This could make for a dilemma if a firm subject to TWO countries (say an American firm in Europe) gets handed CONFLICTING rulings on the same piece (say told by one to remove a disparaging story and by the other NOT to remove or face a violation of Freedom of the Press charge).

    1. Aqua Marina

      There is a US law I believe that makes it illegal to force someone to commit a criminal act in another country.

      Ultimately it comes down to a matter of extradition, which unfortunately is political and changes all the time, usually in the favour of the more powerful state. The only answer is to not put yourself in the position of breaking laws, because it's a gamble if long term, you get away with it.

      1. ArrZarr

        That might be the 5th amendment, which protects against self incrimination.

        IANAL, but I can see how you might wrangle the 5th in this situation, although it appears to be mostly used in different circumstances.

      2. Anonymous Coward
        Anonymous Coward

        "The only answer is to not put yourself in the position of breaking laws..."

        Problem being sometimes you can't help but end up in such a dilemma, often through no fault of your own. It's like being told as the reason for someone hating your guts, "You were born!"

  9. GreggS

    Facebook/Google et al

    How is this situation any different from the ruling in Google's favour around global takedowns, which went in Google's favour?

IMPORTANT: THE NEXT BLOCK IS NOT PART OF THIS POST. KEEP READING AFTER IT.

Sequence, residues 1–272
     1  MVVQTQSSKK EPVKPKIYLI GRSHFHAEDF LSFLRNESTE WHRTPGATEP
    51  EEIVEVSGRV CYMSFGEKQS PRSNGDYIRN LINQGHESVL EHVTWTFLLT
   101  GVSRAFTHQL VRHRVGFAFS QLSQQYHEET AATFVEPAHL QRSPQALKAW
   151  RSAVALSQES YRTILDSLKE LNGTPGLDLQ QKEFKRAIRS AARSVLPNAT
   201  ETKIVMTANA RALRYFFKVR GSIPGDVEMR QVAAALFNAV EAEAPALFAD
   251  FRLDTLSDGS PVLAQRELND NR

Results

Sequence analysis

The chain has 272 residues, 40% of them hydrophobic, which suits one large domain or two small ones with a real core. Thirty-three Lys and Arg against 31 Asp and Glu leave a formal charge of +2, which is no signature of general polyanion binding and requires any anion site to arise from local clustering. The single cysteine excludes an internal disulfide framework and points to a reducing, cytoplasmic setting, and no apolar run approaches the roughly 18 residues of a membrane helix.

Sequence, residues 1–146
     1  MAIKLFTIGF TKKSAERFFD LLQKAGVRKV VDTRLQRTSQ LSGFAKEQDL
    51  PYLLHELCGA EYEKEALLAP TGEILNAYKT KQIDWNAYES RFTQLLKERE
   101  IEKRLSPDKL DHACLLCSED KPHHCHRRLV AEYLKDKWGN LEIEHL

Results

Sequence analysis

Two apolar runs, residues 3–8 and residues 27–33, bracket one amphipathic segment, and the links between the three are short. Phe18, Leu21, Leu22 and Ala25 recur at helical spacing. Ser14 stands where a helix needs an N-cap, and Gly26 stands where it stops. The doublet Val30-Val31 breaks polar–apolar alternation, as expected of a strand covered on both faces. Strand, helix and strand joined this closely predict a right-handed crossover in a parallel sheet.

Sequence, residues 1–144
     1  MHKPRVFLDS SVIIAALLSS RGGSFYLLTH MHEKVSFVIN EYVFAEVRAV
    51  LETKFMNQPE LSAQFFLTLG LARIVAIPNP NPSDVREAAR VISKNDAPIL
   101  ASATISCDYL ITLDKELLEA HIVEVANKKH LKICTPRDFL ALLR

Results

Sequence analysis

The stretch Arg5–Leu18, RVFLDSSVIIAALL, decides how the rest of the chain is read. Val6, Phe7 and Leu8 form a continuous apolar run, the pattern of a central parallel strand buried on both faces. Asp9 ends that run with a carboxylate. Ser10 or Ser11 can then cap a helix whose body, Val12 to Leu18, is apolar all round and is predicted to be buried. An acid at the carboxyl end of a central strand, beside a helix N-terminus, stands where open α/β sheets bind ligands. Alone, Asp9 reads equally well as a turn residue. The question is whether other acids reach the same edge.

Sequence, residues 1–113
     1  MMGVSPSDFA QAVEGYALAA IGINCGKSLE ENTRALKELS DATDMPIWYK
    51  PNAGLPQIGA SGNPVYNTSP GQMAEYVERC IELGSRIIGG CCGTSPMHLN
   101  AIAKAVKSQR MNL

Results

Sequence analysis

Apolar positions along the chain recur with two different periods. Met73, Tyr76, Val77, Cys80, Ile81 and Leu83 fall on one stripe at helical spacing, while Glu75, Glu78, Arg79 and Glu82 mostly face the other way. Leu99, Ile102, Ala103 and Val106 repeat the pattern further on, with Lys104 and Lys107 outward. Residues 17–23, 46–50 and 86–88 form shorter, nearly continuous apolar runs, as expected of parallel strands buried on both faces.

https://www.theregister.co.uk/2019/09/24/eu_court_justice_right_to_be_forgotten_ruling/

    1. Michael

      Re: Facebook/Google et al

      As this ruling requires that there is an international law to apply. Right to be forgotten is an EU only law and not part of general worldwide agreed treaties. Therefore it applies locally. This judgement states that if there is a relevant international law found to be breached then the locally applied for an won court ruling should be enforce globally.

    2. LDS Silver badge

      Re: Facebook/Google et al

      The "Right To Be Forgotten" is not about unlawful material. It's about not being punished your whole life for something no longer relevant happened in the past - and for which lawful sources exists.

      It asks just to make some material less easy to find and not prominently displayed - not to delete the sources.

      This is about unlawful material - which should be "destroyed" and no longer available.